Tech To Watch 2012: Fitness Gadget Explosion
Your excuses for not getting in shape are dwindling fast, thanks to a new breed of fitness gadgets. Devices from Fitbit, Jawbone, Motorola and others are designed to leverage the power of mobile computing, the cloud, and social networking to get couch potatoes off their duffs and keep them motivated.
Other devices in this red-hot category include the Bodymedia FIT System, Nike + iPod Sport kit, and Adidas miCoach.
Why It’s Important
According to the Centers for Disease Control, a disturbing one third of U.S. adults are obese. Just as troubling is that 79 million Americans 20 years and older have an increased risk of developing Type 2 diabetes; a staggering 35 percent of the public. The prevalence of this illness can be prevented through a sensible regimen of diet and exercise, which is precisely what these smart fitness products promise to help people do.
When asked why Motorola decided to enter the fitness space, a company representative told us, “Getting out there and doing exercise is something we encourage and having the technology background that we have, we thought hey, we can help out. We can provide smart solutions that are fun and simple to use.”
Priced at $99.95, the Fitbit Ultra follows up the original Fitbit—an elegantly designed pedometer that tracks all your steps using its built-in accelerometer. On the first-generation device, users could sync results to the company’s website for detailed analysis, compare their activity with other Fitbit owners, and see if they met their daily exercise goals.
The Fitbit Ultra offers the same features, but adds a stair-tracking feature, stopwatch, and clock. Also new is iOS app support to log workouts and meals, plus track your overall progress. For motivation, the Fitbit Ultra rewards software badges, à la Foursquare, to encourage more activity.
Motorola’s Motoactv packs even more advanced features in a wearable device. At $249, this watch is more akin to a smartphone thanks to the built-in GPS sensor and what Motorola calls AccuSense, which measures your performance. Also on board is a music player that monitors which songs were playing during your best workout, and a Bluetooth radio for connecting to other fitness peripherals, such as heart rate monitors.
Motoactv works in tandem with a companion Android app and the Motoactv website to let you dive into your performance stats. Even better, the watch syncs data with the cloud whenever you’re in range of your home Wi-Fi network.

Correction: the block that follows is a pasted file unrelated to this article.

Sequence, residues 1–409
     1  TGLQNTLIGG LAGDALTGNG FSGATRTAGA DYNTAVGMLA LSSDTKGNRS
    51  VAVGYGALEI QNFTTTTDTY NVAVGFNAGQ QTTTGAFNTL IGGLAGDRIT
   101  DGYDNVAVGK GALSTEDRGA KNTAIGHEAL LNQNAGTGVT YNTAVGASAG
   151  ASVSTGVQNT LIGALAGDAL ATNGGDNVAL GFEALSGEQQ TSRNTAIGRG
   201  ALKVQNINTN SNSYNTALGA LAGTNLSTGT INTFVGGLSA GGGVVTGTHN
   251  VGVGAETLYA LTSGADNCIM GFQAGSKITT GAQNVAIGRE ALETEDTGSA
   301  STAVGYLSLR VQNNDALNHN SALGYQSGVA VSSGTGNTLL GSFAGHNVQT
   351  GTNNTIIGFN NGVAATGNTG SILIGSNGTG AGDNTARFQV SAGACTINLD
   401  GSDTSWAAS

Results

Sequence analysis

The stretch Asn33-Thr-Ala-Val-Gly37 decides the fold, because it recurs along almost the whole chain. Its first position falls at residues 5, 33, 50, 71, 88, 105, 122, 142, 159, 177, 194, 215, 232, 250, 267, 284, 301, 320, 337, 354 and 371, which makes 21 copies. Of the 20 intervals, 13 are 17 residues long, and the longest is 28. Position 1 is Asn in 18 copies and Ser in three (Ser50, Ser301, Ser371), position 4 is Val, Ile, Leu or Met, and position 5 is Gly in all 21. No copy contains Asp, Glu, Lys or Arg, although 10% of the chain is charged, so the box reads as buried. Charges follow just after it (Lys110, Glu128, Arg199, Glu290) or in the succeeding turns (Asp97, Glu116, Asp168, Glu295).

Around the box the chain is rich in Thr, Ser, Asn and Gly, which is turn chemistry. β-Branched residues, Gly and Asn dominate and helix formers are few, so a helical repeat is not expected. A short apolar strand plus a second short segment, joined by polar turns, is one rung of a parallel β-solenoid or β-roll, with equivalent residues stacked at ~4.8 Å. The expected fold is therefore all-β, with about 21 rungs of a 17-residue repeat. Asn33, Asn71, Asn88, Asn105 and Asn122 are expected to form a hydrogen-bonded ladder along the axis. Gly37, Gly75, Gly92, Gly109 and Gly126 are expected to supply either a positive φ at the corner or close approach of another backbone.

Jawbone, which has up until now focused on Bluetooth headsets, has branched out to another type of wearable gadget with the Jawbone Up. This $99 wristband was designed to work in tandem with an iOS app to track everything from steps walked to calories burned, and it will even vibrate when you’ve been sedentary for too long.
Unfortunately, Jawbone had to cease production on the Up due to a wide range of issues, including the inability to hold a charge and syncing problems. The company says it will be making the product available for sale again soon.
How It Will Change Your Life
For many, going to the gym isn’t the most enjoyable activity, and it’s often hard to track progress. Intelligent fitness changes the equation by providing feedback in real time. These devices also seek to tap into human nature by forcing users to set goals and offering rewards.
Social support also plays a big role with these devices. On Fitbit.com, for example, you can share your progress with public groups or create private groups to set collaborative or competitive goals.
“The ability to upload and share activity data can bring a level of community sharing and competitiveness to what are often solitary activities,” said Jonathan Collins, principle analyst for ABI Research. The Jawbone Up offers similar community features.
Collins estimates that nearly 10 million fitness gadgets shipped in the U.S. last year. “Year-on-year growth from 2011 to 2012 in the U.S. could be nearly 50 percent,” he said. Compatible Bluetooth technology in most smartphones and tablets—plus the health industry moving toward greater patient involvement and preventive care—will also help smart fitness tech gain traction.
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